5. Malayan Emergency
The Malayan Emergency was one of the first conflicts of the Cold War, fought between British colonial forces and the Malaysian Communist Party. Like other British possessions in the region, the Malayan states had returned to British control after the end of Japanese occupation in WW2, despite the decisive role played in the war by MCP militias. In 1948, the Federation of Malay was formed as a British protectorate, restoring British colonial interests in the region and putting the previous rulers – called sultans – back into power.
A state of emergency was declared by the government in June, 1948, after guerrilla fighters from the MCP and other communist factions started a violent insurgency to establish a people’s Malaysian state. British forces responded with a massive counter-insurgency campaign, involving repressive measures against civilians and forced relocation of at least 500,000 people across the territory, mostly Chinese. The conflict officially ended in a British victory in 1960, with a total loss of around 500 soldiers and 1,300 policemen on the British side, and about 6,000 fighters on the rebel side.
4. Anglo-Ashanti Wars
The Ashanti empire was a powerful kingdom in the southern part of the modern nation of Ghana, ruling over a large territory for over two centuries. Much of its wealth and power came from the trans-Atlantic slave trade, as it was both a major source and destination of slaves in the resource-rich Gold Coast region.
For much of its existence, the Ashanti kingdom was at war with the British colonial empire. The Anglo-Ashanti wars were a series of conflicts between the two powers in the 19th century, beginning in 1823 and ending with a bloody rebellion in 1900. While Ashanti forces were victorious in the initial conflicts, they were outmatched by the British war machine. The Anglo-Ashanti Wars consolidated British control over the Gold Coast region, until Ghana gained its independence in 1957.
3. Cape Frontier Wars
Between 1779 and 1878, Dutch colonists and later British forces around Cape Colony engaged in one of the longest anti-colonial struggles in history. Fought primarily between European colonists and the Xhosa people – a pastoralist tribe in the Eastern Cape region of modern-day South Africa – they were a series of conflicts for the control of the eastern frontiers of South Africa, now known as the Cape Frontier Wars, or the Xhosa Wars.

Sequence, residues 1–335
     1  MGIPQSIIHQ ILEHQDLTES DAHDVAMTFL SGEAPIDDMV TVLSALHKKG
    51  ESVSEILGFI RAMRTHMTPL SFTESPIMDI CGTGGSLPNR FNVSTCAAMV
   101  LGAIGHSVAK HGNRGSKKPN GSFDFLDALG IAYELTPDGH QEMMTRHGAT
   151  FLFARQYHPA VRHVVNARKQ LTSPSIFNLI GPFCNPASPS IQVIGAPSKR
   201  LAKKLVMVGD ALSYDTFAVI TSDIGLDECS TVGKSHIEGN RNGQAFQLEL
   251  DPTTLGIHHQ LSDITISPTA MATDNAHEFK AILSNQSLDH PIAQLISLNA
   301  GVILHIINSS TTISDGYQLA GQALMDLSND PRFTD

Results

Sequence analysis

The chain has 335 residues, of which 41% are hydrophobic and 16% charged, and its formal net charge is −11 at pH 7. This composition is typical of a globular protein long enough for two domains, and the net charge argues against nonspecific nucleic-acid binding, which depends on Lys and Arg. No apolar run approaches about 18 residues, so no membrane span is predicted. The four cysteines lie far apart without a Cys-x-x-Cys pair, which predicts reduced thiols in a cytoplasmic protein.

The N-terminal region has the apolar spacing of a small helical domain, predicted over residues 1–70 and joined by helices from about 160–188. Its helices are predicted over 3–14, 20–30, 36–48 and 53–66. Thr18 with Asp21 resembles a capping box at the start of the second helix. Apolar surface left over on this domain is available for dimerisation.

It could be placed in the context of larger struggles against colonialism and slavery ongoing at the time, as the Xhosa people were also prime targets for slavers in South Africa. While Xhosa forces were successful against Dutch militias in the beginning, the entry of British forces in 1811 turned the war in the colonists’ favor. In a curious turn of events, the Xhosa willingly slaughtered all their cattle following a prophecy in 1857, resulting in the decimation of their economy and widespread starvation. The defending forces were decisively defeated by 1878, and all Xhosa lands were eventually incorporated into the colony.
2. Battle Of Plassey
The Battle of Plassey was fought in the northeastern part of what is now India, between the British East India Company and the ruling Nawab of Bengal, aided by the French East India Company. The short-lived battle – lasting for only a few hours on June 23, 1757 – could be seen as a part of the global Seven Years’ War between France and England.
While the Nawab’s forces – numbering close to 50,000 men, including 16,000 cavalry – vastly outnumbered the 3,000-strong British contingent, he was eventually betrayed by one of his commanders, Mir Jafar. About one-third of that large army never entered the fight, causing confusion and a loss of morale amongst the rest of his troops. By the end of it, the Nawab was forced to flee the battlefield, resulting in a British victory at a cost of about 21 lives, compared to more than 1,500 casualties on the Bengali and French side.
1. Battle Of Peking
The Battle of Peking on August 14, 1900 was only a part of the larger Boxer Rebellion – an anti-foreign nationalist uprising across China supported by the ruling Qin dynasty. By June, 1900, the uprising threatened almost all foreigners and Christians in the capital of Peking – now Beijing. A small relief force, led by the British Vice-Admiral Edward Seymour, was sent in from Tianjin on June 10, though they had to retreat due to heavy resistance by imperial Chinese troops.
As the situation deteriorated rapidly, a much larger force of 55,000 soldiers from Britain, America, Japan, France, and Russia was assembled. By this time, foreigners and Chinese Christians in the city had organized themselves into a besieged zone called the Legation Quarter, defended by makeshift fortifications and a few hundred soldiers. Despite heavy resistance by rebels and Chinese soldiers, the International coalition was able to lift the siege and rescue most of them by August 14.